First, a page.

Williams v. Schriro et al

Filing 63

REPORT AND RECOMMENDATION. For the forgoing reasons, I recommend that the plaintiff's motion for relief under Rule 60(b) of the Federal Rules of Civil Procedure be denied. Objections to R&R due by 10/31/2016. (Signed by Magistrate Judge James C. Francis on 10/13/2016) Copies Mailed By Chambers. (rjm).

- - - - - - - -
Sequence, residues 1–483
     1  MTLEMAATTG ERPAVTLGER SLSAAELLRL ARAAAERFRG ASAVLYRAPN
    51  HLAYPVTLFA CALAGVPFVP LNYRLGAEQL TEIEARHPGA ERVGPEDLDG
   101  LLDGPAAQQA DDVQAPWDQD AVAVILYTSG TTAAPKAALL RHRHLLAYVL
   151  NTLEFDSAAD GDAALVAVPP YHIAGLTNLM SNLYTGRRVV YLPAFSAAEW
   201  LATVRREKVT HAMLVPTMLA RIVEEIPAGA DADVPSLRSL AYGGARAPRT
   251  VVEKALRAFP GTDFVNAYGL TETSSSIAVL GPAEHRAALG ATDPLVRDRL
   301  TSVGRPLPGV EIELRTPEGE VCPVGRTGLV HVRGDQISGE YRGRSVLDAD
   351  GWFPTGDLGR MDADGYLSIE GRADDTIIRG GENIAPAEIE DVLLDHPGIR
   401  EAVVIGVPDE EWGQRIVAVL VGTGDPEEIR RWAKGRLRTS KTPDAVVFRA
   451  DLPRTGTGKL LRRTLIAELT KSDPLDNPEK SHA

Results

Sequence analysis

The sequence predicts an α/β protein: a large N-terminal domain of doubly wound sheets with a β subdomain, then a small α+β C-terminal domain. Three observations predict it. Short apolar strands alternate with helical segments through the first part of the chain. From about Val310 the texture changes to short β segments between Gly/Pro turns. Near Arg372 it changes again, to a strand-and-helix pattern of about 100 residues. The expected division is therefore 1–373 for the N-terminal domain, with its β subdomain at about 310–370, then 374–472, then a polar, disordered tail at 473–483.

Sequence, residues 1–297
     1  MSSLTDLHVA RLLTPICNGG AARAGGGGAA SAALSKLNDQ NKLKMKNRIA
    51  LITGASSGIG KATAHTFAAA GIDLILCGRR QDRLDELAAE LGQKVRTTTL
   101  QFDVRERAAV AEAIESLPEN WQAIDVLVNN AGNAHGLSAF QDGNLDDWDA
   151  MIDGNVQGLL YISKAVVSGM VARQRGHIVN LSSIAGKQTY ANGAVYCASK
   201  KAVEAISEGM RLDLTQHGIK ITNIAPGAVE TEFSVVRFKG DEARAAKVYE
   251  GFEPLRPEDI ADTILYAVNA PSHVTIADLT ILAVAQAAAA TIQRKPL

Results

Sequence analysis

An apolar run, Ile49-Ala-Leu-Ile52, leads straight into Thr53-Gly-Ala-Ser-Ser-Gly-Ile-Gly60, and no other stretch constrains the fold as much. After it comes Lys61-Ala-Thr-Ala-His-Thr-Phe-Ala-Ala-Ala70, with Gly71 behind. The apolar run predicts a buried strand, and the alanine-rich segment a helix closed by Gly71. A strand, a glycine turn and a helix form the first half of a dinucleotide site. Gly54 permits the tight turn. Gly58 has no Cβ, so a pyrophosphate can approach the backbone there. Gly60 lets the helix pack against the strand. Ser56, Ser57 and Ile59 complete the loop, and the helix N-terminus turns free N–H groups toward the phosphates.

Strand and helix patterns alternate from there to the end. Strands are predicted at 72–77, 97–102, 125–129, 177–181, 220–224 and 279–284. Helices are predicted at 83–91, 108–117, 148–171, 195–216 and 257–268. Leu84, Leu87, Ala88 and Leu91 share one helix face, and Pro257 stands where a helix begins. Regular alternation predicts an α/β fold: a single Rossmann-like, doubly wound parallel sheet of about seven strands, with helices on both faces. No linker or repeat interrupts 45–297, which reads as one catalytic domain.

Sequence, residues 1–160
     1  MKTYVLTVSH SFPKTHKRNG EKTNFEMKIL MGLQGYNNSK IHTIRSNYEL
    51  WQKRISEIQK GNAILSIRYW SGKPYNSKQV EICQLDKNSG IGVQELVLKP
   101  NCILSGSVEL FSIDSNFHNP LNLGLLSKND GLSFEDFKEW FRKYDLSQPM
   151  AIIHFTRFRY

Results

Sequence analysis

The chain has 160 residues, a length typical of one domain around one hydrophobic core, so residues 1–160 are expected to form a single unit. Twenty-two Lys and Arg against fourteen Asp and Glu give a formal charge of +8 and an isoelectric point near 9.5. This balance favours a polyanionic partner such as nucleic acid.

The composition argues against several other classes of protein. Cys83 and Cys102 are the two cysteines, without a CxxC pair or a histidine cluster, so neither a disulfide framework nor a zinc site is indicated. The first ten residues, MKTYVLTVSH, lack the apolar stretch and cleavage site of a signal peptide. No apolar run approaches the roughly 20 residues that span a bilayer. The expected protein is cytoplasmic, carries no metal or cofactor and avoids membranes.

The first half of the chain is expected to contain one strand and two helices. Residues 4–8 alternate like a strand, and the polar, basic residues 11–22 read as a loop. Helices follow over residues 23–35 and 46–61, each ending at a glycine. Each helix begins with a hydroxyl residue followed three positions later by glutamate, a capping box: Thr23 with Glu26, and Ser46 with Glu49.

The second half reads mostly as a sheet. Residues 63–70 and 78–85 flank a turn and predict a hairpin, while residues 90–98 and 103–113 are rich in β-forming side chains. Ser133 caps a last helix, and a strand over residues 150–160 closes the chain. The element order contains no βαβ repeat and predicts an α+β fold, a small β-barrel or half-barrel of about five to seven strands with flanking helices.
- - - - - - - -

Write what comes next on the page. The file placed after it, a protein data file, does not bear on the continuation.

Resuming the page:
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his case. (Letter of Dwain Williams filed May 26, 2016). On July 15, 2016, the court received another letter from the plaintiff requesting relief from the court’s dismissal, citing Rule 60(b) of the Federal Rules of Civil Procedure. (Letter of Dwain Williams dated July 6, 2016 (“July 6 Letter”), at 1-2,5). In his letter, the plaintiff claimed that his nearly three year delay was due to his being hospitalized with endocarditis after his release from prison. (July 6 Letter at 6). Along with the letter, the plaintiff included a copy of a hospital discharge summary dated March 26, 2016. (Discharge Summary dated March 26, 2016 (“Discharge Summary”), attached to July 6 Letter). On August 4, 2016, I ordered the defendants to respond to the motion to vacate the judgment. The motion is now fully submitted. Discussion Under Rule 60(b), the court may relieve a party from a final judgment, order, or proceeding for the following reasons: (1) mistake, inadvertence, surprise, or excusable neglect; (2) newly discovered evidence that, with reasonable diligence, could not have been discovered in time to move for a new trial under Rule 59(b); (3) fraud (whether previously called intrinsic or extrinsic), misrepresentation, or misconduct by an opposing party; (4) the judgment is void; (5) the judgment has been satisfied, released or discharged; it is based on an earlier judgment that has been reversed or vacated; or applying it prospectively is no longer equitable; or (6) any other reason that justifies relief. 2 Fed. R. Civ. P. 60(b). However, a motion under Rule 60(b) must be made within a reasonable time, and for clauses (1), (2), and (3), no more than a year after the entry of the judgment or order being challenged. Fed. R. Civ. P. 60(c)(1). An order vacating a final judgment is a “mechanism for ‘extraordinary judicial relief’ invoked only if the moving party demonstrates ‘exceptional circumstances.’” Ruotolo v. City of New York, 514 F.3d 184, 191 (2d Cir. 2008) (quoting Paddington Partners v. Bouchard, 34 F.3d 1132, 1142 (2d Cir. 1994)). Decisions pursuant to Rule 60(b) are within the sound discretion of the trial court. Motorola Credit Corp. v. Uzan, 561 F.3d 123, 126 (2d Cir. 2009). A. Rule 60(b)(1) In the July 6 letter, the plaintiff characterizes his lack of a response to the court’s original order as “excusable neglect.” (July 6 Letter at 5). In defending his conduct, the plaintiff claims that he was unable to respond to meet the court’s deadline because of his hospitalization. (July 6 Letter at 6-7). However, if I were to accept the plaintiff’s characterization of his failure to respond to the order to amend as “excusable neglect,” Rule 60(b)(1) would offer no remedy. Motions under Rule 60(b)(1) must be made “no more than a year after the entry of the judgment or order” from which the moving party is seeking relief. 3 Fed. R. Civ. P. 60(c)(1). Since the original order was entered in December 2013, relief under Rule 60(b)(1) is no longer available. B. Rule 60(b)(2)and(3) While the plaintiff assets no claims of new evidence or fraud, relief under either Rule 60(b)(2) or Rule 60(b)(3) would be similarly unavailable in light of the one year time limit of Rule 60(c)(1). C. Rule 60(b)(4) A judgment is void under Rule 60(b)(4) “only if the court that rendered it lacked jurisdiction of the subject matter, or of the parties, or if it acted in a manner inconsistent with due process of law.” Grace v. Bank Leumi Trust Co. of New York, 443 F.3d 180, 193 (2d Cir. 2006) (quoting Texlon Corp. Manufacturers v. Hanover Commercial Corp., 596 F.2d 1092, 1099 (2d Cir. 1979)). The court here had both subject matter jurisdiction and personal jurisdiction over the parties. Thus, the question turns on whether the plaintiff’s due process rights were violated. While Mr. Williams never received a copy of the court’s judgment, he was well aware that the action was ongoing and failed to update the court as to his current address. It is well established that all pro se plaintiffs have an obligation to inform the court and defendants of any change of address. Christian v. Sposato, No. 15 CV 6874, 2016 WL 3647869, at *1-2 (E.D.N.Y. July 1, 2016). Therefore, it was the failure of the plaintiff to pursue 4 his case diligently, rather than any violation of his due process rights, that led to his not being informed of the court’s final decision. Therefore, the plaintiff’s may not attain relief under Rule 60(b)(4). D. 60(b)(5) Since the court’s judgment has not been “satisfied, released, or discharged,” Rule 60(b)(5) is not a ground for relief. E. Rule 60(b)(6) Relief under Rule 60(b)(6) is not available “unless the asserted grounds for relief are not recognized in clauses (1)-(5).” In re Emergency Beacon Corp., 666 F.2d 754, 758 (2d Cir. 1981). Therefore, if I accept the plaintiff’s characterization of his mistake as “excusable neglect,” which falls under Rule 60(b)(1), then relief under Rule 60(b)(6) would be barred. However, since the submissions of a pro se litigant “must be construed liberally and interpreted to raise the strongest arguments that they suggest,” I will overlook the plaintiff’s characterization and consider relief under Rule 60(b)(6). Triestman v. Federal Bureau of Prison, 470 F.3d 471, 474 (2d Cir. 2006)(emphasis omitted). Under this subsection of the Rule, relief may be granted for “any other reason justifying relief from the operation of the 5 judgment.” Fed. R. Civ. P. 60(b)(6). However, this clause is properly invoked only when there are “extraordinary circumstances” justifying relief. In this In re Emergency Beacon Corp., 666 F.2d at 758. case, the plaintiff has not demonstrated “extraordinary circumstances” that would justify relief under Rule 60(b)(6). summary The only evidence he offers is a hospital discharge from March 26, 2016, which mentions an endocarditis diagnosis from April 2014 as part of the patient’s history. (Discharge Summary at 11). However, that diagnosis would have come at least two months after the deadline to amend the complaint had passed. The plaintiff offers no reason why he could not respond or follow up with his case during the period he had to submit a new amended complaint. Therefore, relief under Rule 60(b)(6) is similarly unavailable. Conclusion For the forgoing reasons, I recommend that the plaintiff’s motion for relief under Rule 60(b) of the Federal Rules of Civil Procedure be denied. Pursuant to 28 U.S.C. § 636(b)(1) and Rules 72, 6(a), and 6(d) of the Federal Rules of Civil Procedure, the parties shall have fourteen (14) days from this date to file written objections to this Report and Recommendation. Such objections shall be filed with the Clerk of the Court, with extra copies delivered to the chambers 6 of the Honorable Paul A.